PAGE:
Liberalisation of the Water Industry: What next for consumer and environmental protection?

13 April 2017

Jon Morris - Research Associate, Sheffield University Management School

From April 1st companies in the UK can choose to switch their water provider; a domestic roll-out for households seems inevitable

On April 1st the liberalisation of the English water industry for commercial consumers came into force.  This is the result of the 2014 Water Act which gives businesses, charities, and public sector customers in England the freedom to switch suppliers and is expected to create a market of about 1.1 million customers in England.

This new liberalisation is a break from the existing water industry structure that has existed largely unchanged since its privatisation in 1989.  Privatisation transferred responsibility of water supply and sewage treatment from regional authorities to private companies, essentially creating a market of large, regional, natural monopolies which are heavily regulated by the state (three regulators are responsible for ensuring affordability, environmental protection and safe drinking water standards).  Whilst privatisation is credited with enabling the investment of over £90 billion of investment in British water infrastructure and the reduction of operational costs there are concerns regarding the rise of water bills since 1989,  the implications for affordability for those on low incomes, and a trade-off in objectives from water companies between environmental standards and ensuring lower customer bills.

Despite the Coalition Government stating in 2014 that it did not intend to extend retail competition to households ‘at this stage’, stating that ‘there is no evidence to suggest it would provide enough direct benefits for householders, given the low margins involved in water prices’ the Conservative majority government is now committed to rolling out water liberalisation to domestic consumers by ‘the end of this parliament’.  This commitment by ministers poses a series of intriguing questions regarding demography, regulation and politics.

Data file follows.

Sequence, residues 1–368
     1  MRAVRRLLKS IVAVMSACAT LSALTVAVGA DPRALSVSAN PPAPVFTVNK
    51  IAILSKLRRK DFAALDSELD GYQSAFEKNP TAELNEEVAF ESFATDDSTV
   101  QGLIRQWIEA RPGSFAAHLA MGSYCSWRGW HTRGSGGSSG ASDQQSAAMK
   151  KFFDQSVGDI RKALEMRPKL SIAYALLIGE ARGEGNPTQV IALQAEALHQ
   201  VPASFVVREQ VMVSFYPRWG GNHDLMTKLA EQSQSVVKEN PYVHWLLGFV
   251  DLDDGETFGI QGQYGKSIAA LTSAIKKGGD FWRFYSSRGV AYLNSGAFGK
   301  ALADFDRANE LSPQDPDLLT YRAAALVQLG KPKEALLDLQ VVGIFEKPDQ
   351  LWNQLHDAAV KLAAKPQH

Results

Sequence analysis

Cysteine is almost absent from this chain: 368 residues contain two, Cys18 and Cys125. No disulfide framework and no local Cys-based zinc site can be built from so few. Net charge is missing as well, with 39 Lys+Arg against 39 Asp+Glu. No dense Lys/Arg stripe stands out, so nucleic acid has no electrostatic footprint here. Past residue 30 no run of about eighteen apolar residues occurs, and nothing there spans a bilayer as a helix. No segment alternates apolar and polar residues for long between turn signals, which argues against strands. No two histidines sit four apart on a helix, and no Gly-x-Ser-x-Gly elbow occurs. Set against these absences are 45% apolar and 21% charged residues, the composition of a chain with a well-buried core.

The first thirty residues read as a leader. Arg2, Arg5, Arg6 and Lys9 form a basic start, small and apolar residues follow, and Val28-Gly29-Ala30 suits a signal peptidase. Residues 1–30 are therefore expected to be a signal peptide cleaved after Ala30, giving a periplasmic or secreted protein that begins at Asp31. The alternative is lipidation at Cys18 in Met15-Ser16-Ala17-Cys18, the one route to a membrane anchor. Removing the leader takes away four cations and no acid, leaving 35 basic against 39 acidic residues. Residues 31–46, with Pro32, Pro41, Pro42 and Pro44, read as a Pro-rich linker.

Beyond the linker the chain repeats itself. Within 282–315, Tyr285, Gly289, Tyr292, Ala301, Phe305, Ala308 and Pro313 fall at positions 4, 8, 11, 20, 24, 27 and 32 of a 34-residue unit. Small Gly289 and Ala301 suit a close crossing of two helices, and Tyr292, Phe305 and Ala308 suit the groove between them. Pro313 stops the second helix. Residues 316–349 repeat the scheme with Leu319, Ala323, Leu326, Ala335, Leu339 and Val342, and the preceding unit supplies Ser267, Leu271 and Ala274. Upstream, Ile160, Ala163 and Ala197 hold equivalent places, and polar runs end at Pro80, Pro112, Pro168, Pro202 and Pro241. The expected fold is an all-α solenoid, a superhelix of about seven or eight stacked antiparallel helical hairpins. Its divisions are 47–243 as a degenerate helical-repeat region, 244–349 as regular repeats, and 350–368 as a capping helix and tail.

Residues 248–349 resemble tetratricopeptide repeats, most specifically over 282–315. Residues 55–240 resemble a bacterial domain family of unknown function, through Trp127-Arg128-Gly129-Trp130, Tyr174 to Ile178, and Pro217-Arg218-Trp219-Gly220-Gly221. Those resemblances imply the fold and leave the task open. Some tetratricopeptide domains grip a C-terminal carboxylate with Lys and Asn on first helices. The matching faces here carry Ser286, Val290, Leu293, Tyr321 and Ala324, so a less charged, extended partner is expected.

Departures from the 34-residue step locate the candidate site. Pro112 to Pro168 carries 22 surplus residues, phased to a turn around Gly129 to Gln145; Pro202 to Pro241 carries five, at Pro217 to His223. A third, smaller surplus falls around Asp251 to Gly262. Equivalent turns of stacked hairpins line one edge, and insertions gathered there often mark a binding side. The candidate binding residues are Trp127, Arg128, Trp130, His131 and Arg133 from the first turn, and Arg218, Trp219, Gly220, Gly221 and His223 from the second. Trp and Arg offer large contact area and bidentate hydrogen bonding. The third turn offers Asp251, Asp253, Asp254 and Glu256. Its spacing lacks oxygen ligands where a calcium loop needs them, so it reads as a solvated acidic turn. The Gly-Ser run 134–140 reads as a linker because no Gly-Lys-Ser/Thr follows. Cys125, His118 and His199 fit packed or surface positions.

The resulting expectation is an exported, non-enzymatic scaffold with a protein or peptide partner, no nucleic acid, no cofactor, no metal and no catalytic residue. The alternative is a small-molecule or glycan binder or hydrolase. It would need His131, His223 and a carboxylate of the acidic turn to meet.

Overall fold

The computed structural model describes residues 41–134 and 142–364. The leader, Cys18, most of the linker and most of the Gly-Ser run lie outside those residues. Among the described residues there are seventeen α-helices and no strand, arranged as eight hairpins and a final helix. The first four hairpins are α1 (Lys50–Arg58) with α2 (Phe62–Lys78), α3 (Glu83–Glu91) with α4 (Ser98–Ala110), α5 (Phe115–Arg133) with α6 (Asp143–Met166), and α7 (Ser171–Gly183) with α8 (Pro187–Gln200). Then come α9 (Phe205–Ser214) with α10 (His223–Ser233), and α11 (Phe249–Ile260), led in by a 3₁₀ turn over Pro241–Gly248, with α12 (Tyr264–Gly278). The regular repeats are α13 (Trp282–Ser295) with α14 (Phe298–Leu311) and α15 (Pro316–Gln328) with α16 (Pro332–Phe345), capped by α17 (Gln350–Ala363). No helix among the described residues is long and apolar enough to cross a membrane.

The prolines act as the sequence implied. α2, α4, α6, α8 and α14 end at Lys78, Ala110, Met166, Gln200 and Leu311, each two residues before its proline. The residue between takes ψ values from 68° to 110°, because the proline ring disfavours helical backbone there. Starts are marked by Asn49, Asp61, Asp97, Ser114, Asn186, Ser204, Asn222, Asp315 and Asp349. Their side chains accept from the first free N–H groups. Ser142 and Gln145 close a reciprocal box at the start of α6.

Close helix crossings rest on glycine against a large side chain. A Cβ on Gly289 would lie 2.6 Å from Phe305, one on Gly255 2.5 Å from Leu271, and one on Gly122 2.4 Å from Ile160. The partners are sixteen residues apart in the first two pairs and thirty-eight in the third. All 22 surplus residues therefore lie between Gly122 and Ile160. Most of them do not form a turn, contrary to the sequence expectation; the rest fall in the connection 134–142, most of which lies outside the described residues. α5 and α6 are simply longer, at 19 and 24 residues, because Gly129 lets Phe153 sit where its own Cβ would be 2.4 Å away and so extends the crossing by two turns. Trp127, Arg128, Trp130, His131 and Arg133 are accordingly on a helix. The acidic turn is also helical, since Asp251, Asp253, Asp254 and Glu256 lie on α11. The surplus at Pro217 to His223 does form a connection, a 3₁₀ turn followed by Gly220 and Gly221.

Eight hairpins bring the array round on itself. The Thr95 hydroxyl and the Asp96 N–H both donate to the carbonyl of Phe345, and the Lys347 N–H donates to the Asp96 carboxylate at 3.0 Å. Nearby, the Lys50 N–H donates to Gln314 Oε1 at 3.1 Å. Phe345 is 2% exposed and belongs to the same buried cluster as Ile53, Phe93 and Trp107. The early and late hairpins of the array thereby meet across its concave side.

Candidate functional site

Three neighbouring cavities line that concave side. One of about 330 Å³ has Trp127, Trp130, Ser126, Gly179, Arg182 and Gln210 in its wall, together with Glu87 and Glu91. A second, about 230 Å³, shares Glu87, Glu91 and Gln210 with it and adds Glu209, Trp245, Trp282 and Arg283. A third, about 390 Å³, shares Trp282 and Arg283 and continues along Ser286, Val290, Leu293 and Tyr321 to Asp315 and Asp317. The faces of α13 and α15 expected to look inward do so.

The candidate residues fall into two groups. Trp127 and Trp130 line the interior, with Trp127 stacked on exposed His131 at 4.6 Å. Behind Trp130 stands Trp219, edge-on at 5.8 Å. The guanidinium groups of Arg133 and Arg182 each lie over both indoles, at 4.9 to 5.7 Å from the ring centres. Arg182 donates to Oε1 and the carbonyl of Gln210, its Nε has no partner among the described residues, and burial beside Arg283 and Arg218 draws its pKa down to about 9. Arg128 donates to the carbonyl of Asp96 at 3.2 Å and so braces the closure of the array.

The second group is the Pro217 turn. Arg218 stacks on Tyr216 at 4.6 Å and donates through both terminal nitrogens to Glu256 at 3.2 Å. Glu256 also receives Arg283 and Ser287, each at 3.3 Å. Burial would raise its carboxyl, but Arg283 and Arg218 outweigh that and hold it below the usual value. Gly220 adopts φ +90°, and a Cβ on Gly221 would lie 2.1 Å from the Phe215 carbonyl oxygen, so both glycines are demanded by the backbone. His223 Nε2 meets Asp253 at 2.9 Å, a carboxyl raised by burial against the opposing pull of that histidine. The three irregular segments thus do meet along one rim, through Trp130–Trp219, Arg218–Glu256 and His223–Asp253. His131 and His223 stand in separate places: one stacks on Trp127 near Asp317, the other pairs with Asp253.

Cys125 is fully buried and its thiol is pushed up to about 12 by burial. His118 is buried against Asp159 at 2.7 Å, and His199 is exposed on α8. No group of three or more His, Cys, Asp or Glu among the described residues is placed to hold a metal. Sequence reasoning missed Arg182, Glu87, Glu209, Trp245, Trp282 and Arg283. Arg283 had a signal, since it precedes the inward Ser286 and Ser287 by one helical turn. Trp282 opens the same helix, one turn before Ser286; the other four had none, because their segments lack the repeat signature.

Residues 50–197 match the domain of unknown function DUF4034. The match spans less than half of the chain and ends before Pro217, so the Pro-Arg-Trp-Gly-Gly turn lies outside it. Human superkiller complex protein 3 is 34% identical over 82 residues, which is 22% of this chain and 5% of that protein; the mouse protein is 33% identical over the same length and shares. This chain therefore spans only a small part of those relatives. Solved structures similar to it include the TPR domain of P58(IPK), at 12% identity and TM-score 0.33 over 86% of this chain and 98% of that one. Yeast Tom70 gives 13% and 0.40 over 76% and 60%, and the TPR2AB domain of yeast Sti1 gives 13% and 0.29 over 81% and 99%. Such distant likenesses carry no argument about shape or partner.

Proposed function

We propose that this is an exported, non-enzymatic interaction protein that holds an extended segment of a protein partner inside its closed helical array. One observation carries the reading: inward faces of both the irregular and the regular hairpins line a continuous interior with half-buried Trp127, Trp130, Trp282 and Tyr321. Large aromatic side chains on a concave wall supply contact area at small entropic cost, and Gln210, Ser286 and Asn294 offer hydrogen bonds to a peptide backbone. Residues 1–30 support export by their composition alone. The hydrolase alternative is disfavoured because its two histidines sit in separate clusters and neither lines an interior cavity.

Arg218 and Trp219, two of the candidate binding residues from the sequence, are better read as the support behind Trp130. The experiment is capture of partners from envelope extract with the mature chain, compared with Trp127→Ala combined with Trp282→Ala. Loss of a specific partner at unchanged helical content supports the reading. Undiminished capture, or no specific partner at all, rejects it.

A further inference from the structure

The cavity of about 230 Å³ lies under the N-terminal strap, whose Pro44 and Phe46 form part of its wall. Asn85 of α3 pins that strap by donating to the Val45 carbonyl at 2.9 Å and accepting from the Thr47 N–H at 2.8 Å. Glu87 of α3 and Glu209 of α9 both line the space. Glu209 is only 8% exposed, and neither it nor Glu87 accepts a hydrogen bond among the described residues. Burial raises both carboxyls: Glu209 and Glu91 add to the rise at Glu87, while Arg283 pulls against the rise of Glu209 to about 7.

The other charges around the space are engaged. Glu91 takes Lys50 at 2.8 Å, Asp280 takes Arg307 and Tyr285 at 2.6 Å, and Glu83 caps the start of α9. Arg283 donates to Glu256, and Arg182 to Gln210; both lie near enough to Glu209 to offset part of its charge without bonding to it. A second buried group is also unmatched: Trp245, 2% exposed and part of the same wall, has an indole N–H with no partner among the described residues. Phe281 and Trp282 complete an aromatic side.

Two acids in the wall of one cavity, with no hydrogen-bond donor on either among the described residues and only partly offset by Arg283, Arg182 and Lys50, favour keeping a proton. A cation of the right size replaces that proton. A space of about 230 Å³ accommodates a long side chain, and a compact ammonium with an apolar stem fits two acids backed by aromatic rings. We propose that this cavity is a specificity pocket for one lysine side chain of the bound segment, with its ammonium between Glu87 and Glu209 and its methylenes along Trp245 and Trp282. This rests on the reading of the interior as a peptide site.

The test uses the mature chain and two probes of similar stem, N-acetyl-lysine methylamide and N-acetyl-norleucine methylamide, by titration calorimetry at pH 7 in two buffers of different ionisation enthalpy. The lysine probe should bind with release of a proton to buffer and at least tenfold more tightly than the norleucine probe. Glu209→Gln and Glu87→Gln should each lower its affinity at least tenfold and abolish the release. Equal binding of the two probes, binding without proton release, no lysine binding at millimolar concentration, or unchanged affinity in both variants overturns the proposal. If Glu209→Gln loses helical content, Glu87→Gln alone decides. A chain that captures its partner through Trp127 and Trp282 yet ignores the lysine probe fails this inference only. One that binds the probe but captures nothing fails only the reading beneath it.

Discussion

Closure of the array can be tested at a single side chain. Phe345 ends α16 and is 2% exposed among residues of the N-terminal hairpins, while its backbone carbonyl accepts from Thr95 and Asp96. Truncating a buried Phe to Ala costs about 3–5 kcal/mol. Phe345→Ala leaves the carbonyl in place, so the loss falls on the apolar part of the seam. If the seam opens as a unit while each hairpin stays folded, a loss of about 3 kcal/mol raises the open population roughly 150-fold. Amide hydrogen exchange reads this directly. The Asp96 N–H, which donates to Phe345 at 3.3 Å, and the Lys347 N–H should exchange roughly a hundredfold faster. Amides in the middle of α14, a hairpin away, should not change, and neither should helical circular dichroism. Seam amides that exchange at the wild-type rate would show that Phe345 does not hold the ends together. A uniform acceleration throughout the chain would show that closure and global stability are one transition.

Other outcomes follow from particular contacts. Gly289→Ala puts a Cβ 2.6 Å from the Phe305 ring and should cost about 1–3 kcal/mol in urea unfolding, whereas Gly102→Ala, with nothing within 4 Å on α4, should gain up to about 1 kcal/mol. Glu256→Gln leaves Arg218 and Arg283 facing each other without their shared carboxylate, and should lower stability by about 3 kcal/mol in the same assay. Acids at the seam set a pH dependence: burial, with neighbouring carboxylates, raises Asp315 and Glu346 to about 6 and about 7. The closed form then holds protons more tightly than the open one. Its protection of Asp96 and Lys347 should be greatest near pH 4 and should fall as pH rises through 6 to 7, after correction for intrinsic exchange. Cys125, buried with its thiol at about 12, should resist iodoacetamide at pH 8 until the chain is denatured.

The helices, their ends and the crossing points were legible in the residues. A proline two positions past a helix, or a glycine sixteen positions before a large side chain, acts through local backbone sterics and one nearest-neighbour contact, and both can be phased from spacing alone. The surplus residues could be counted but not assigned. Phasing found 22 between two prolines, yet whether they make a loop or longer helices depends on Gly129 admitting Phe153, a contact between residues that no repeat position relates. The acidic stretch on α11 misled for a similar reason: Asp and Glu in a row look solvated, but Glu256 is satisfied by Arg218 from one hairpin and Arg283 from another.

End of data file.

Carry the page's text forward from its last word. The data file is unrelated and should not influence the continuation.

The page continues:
The UK’s population is projected to rise by 10 million by 2030 and by a further 10 million by 2050.  Meeting the demographic challenges this presents will require new investment in waste and waste water management; climate change adaptation; energy use and renewable energy infrastructure; and further water resource planning. Current water resource management plans are prepared for a 25 year cycle, an obligation placed on wholesalers, in consultation with customers, regulators and stakeholders. Post-liberalisation these plans will continue to be the responsibility for the wholesale company, though it is not difficult to envisage conflicts of interest between retail companies engaged in price competition becoming frustrated at having to pass on costs to consumers to cover infrastructure measures.  Questions over the ownership of water companies will also come to the fore, as there is no guarantee that revenues generated from the retail water companies will be reinvested back into the industry.  Utility consolidation and large multi-national companies entering the UK water market could see a loosening of control of investment levels in the industry.